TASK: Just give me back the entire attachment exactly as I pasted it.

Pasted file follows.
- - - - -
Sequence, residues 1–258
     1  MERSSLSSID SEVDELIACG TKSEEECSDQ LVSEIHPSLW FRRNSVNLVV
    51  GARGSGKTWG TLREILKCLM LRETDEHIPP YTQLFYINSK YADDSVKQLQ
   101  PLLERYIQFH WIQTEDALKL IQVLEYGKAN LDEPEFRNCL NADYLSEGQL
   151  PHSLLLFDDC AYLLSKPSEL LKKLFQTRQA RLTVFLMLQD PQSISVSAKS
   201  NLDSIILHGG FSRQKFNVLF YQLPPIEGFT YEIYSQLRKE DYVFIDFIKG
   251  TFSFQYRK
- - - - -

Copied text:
Sequence, residues 1–258
     1  MERSSLSSID SEVDELIACG TKSEEECSDQ LVSEIHPSLW FRRNSVNLVV
    51  GARGSGKTWG TLREILKCLM LRETDEHIPP YTQLFYINSK YADDSVKQLQ
   101  PLLERYIQFH WIQTEDALKL IQVLEYGKAN LDEPEFRNCL NADYLSEGQL
   151  PHSLLLFDDC AYLLSKPSEL LKKLFQTRQA RLTVFLMLQD PQSISVSAKS
   201  NLDSIILHGG FSRQKFNVLF YQLPPIEGFT YEIYSQLRKE DYVFIDFIKG
   251  TFSFQYRK